Insurance fraud is estimated to cost up to $2.2 billion every year. Many consumers ignore these figures, assuming that insurance fraud only affects the big insurance companies. The truth, however is that insurance fraud directly impacts the premiums for honest policyholders. In order to remain profitable, insurers have to pass the costs that they lose through to their clients, who see higher premiums, higher excesses and policies with more exclusions.
Some types of fraud are deliberate while others are committed without the person realising. Types of insurance fraud typically fall into the following categories:
- Non-Disclosure: This fraudulent behaviour can be done deliberately or not. Non-disclosure basically means that you haven’t revealed certain pieces of information to an insurer that would potentially affect their decision to cover you or to pay out a claim. For example, if you are applying for business property insurance, you may neglect to mention that your building has flammable cladding in its structure.
- Deliberate Fraud: This is a premeditated and calculated behaviour that a person employs in a deliberate effort to mislead an insurance company and receive an insurance payment. For example, if someone sets fire to property or fakes a theft in order to receive an insurance payout.
- Exaggeration:This occurs when someone makes a claim and exaggerates the amount of damage or cost of the loss to receive a larger claim payout.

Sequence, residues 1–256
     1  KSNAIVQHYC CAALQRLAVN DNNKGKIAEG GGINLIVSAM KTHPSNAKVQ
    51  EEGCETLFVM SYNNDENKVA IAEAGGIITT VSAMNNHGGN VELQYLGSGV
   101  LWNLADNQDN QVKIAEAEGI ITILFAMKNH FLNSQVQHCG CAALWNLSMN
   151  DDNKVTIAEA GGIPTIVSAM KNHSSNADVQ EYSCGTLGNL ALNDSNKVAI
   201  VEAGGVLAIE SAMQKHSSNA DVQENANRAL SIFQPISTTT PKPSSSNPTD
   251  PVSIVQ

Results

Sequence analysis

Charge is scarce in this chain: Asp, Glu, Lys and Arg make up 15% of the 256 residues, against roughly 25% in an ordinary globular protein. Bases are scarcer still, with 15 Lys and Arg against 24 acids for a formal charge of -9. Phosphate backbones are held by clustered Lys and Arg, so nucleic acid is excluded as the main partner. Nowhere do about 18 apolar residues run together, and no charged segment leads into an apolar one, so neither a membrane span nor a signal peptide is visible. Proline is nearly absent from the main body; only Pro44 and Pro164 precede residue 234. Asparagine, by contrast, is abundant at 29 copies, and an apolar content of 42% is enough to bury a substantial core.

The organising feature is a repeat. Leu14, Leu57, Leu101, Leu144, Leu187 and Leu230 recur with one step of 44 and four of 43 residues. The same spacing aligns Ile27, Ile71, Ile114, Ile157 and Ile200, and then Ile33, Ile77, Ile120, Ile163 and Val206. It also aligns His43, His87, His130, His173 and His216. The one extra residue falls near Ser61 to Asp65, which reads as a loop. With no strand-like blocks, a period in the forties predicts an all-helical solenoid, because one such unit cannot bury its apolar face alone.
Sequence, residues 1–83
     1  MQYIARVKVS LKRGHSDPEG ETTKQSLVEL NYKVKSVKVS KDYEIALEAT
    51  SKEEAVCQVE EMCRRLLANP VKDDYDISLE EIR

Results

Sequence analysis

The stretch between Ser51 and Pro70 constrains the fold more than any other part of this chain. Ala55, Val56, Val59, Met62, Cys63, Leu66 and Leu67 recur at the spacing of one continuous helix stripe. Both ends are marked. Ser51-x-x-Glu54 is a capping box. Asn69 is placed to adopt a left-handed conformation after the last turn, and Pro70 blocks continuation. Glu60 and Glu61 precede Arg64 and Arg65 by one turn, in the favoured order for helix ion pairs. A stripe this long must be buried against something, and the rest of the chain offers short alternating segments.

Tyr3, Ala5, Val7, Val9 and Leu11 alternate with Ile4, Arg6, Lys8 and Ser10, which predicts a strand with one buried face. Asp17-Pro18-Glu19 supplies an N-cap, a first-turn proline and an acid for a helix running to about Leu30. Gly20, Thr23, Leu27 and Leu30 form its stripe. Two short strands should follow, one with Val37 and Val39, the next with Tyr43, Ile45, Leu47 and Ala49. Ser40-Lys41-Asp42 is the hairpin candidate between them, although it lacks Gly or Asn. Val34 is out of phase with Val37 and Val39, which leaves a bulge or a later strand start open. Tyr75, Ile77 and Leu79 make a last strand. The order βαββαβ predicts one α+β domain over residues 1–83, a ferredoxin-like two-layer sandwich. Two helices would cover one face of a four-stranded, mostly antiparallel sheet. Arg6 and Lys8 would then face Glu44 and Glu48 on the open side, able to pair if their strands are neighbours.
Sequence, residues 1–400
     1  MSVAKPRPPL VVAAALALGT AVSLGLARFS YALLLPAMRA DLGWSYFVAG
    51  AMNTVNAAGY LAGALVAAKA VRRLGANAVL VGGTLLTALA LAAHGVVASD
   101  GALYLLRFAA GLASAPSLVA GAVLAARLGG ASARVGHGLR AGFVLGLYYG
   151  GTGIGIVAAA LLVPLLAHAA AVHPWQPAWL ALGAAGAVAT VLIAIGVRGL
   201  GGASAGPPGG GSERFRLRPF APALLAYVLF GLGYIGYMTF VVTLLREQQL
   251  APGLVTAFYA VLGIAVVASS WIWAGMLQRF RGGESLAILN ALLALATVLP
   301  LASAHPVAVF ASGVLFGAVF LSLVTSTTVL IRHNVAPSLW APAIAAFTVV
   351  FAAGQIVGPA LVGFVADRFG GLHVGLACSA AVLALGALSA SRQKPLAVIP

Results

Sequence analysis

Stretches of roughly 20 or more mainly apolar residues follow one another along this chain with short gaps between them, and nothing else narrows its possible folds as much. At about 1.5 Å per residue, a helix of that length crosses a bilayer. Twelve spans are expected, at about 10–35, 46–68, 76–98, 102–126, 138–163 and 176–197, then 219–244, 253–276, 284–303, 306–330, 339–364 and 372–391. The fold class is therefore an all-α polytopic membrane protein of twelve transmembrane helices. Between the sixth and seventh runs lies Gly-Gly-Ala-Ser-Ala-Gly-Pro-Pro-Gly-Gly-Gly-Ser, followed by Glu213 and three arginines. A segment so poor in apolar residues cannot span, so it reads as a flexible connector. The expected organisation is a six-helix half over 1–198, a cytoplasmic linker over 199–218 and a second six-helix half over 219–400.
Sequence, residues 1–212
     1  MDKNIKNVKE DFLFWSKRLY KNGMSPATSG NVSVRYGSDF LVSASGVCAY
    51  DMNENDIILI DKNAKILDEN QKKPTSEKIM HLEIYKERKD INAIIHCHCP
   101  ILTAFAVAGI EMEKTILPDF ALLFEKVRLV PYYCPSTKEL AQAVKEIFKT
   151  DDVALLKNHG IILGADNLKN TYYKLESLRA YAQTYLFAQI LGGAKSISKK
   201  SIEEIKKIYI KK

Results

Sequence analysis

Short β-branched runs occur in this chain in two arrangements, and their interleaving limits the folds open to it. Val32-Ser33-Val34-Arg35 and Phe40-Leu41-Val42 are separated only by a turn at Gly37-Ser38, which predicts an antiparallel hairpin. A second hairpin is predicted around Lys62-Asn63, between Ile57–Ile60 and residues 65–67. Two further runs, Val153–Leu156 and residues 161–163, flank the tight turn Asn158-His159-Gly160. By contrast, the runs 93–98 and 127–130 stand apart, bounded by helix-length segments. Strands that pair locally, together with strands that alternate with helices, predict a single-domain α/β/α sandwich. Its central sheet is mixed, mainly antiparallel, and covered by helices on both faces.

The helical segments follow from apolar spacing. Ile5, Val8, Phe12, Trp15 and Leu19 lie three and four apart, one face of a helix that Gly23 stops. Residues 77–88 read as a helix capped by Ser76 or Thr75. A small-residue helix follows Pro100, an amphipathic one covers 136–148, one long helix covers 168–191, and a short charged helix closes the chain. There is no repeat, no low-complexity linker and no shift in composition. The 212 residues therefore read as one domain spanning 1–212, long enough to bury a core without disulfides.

How to Avoid Committing Insurance Fraud
Obvious deliberately committing insurance fraud can be stopped easily. There are also steps that you can take to avoid accidentally committing insurance fraud:
- Be Honest: Never exaggerate the value of something or the extent of the damage caused. Also, make sure you tell your broker or insurer anything that you think may be relevant in the event that you have to claim.
- Read Your PDS: Your Product Disclosure Statement details the things that are included and excluded in your policy, as well as circumstances that render your insurance void. If you know clearly what these things are, you can make sure you avoid them. Your insurance broker will be able to go through this document with you and highlight the important points to note.
- Read the Duty of Disclosure: Your broker will provide you with a Duty of Disclosure document, which will detail the key information that should always be disclosed to your insurer. They will also help guide you through the entire process while you are obtaining cover or in the event that you need to update business details.
The insurance industry as a whole is dedicating significant resources and investing in ways to combat insurance fraud. New technologies and software programs have been developed to identify fraud, backed up with specialist claims teams who investigate these matters.
There is also an organisation called the Insurance Fraud Bureau of Australia (IFBA) that works with insurance companies to notify them of information related to possible fraud. In addition, the IFBA helps develop strategies to reduce fraud in the industry, which helps protect honest consumers from bearing the brunt of the costs.
By sourcing your insurance through a broker, you are less likely to inadvertently commit insurance fraud. In order to avoid fraud through non-disclosure, it’s important to keep your insurance advisor up to date with any change in your business’ circumstances.
For more information, or if this article has brought up any queries, please don’t hesitate to get in touch with us on 03 9809 1532.
Conditions apply for each policy and the information expected from you for a policy to trigger. Coverage may differ based on specific clauses in individual policies. Please ask your broker to explain the additional benefits and exclusions pertaining to your policy. The information provided is general advice only and does not take account of your personal circumstances or needs. Please refer to our financial services guide which contains details of our services and how we are remunerated.